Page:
Four days after a huge 7.8-magnitude earthquake shook Nepal, the ordeal is far from over. There have been close to 100 aftershocks. The death toll, at the time of writing, has risen above 5,000. As news arrives of even greater destruction outside Kathmandu, that figure is expected to rise. People are buried beneath the rubble of collapsed buildings, waiting to be rescued. Many thousands have been stranded outside, battling cold and rain, without food, water or medicine.
I wish I could say this tragedy could not have been predicted – that it was something we could not have prepared for. Yet for decades experts have been warning that a major earthquake could devastate Nepal. The country sits in a zone of high seismic activity. Catastrophic earthquakes occur here every 70 to 80 years; the last one was in 1934.
Western media coverage of the quake has focused on how, as a poor country, Nepal lacks the capacity for disaster preparation and relief. While this is undoubtedly true, the reality is that political apathy and criminal unaccountability, cemented by years of political transition, have made a disaster-prone country even more vulnerable. For years, successive governments have largely ignored the need to enforce and institute building codes, promote earthquake safety and plan for disaster relief. This lack of planning has only become more apparent as the government has struggled to co-ordinate relief assistance and mobilise resources after the earthquake. Two rescue teams, one from New Zealand and the other from Finland, were sent home by a government that had no idea how to use them.
Nepali people have long known that they cannot rely on the state. Even when the government has been slow to respond, they have remained calm. At least so far, there has been no anger or unrest as has been widely claimed. But that could easily change as conditions deteriorate.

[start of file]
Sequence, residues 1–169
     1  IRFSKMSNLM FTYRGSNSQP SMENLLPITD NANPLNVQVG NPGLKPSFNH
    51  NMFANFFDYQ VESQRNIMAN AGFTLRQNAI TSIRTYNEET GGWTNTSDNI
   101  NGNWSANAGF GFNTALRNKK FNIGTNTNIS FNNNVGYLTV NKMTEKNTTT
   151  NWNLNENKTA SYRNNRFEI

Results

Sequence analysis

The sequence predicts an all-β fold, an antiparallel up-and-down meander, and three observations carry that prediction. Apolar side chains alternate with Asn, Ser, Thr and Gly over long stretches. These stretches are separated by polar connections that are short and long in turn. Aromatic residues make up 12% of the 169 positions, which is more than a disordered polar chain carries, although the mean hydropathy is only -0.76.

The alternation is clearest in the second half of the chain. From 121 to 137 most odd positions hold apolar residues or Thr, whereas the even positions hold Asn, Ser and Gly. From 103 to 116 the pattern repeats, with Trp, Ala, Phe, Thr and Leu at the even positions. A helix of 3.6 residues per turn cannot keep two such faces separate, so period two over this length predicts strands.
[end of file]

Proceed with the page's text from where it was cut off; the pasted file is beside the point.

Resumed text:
I look at the ruined cityscape of Kathmandu, the monuments and scenes of my childhood which now survive only in my memory, the archaeological treasures handed down across the centuries and destroyed in a minute. The weight of loss is immense. I look at my house, damaged when a neighbour’s house collapsed on to it, and I wonder: will any of this be rebuilt?
One can’t help but be angry. While our political parties chase an elusive consensus on a new constitution, seeking to resolve ideological differences that look increasingly detached from the needs and aspirations of ordinary people, progress on simple matters such as economy and governance has taken a backseat. Local elections have not taken place in Nepal for 18 years – first due to insecurity caused by the decade-long civil war and later as a result of the political parties’ desire to avoid going to the polls. Not having locally elected bodies has made current relief efforts both slow and ineffective.
Political organisations, social institutions and state organs have been rendered defunct by years of corruption and intransigence. Today, it is only the army and the security forces that are maintaining any kind of governance.
Our immediate focus should be on rescue and relief. This is where a lot of humanitarian assistance has been directed successfully. Soon, however, we will need to start thinking about rebuilding and beginning afresh. This will mean nothing less than a complete political and economic overhaul. But we have become a country that cannot see beyond the next few years (or electoral terms).
A disaster such as this one presents an opportunity to reorient our national priorities. For a country that has had problems forging political consensus, perhaps the need to rebuild and prevent future disasters could be a uniting factor – leading us to co-operate and form the basis of a social contract. Over the coming years, sustainable development and disaster preparation should guide our politics. Public participation, government accountability and responsive governance can all flow from there.
People have been saying that one of the reasons we were so ill-prepared for the disaster was our fatalism. But what causes fatalism? It is the belief that individual actions cannot change anything. It is because people lack access to those who govern. This is the heart of our problem. Poverty and heightened vulnerability are only one aspect. This is what we need to work to change during the difficult days ahead.
The people of Nepal have overcome many upheavals in their history and they will rise from this, too. But perhaps it is time we stopped taking pride in being survivors and worked to build our resilience, collectively, to every kind of disaster and adversity.
Rubeena Mahato is from Nepal and she is studying for a Master of Public Policy at the Blavatnik School of Government. This post first appeared on the New Statesman‘s website.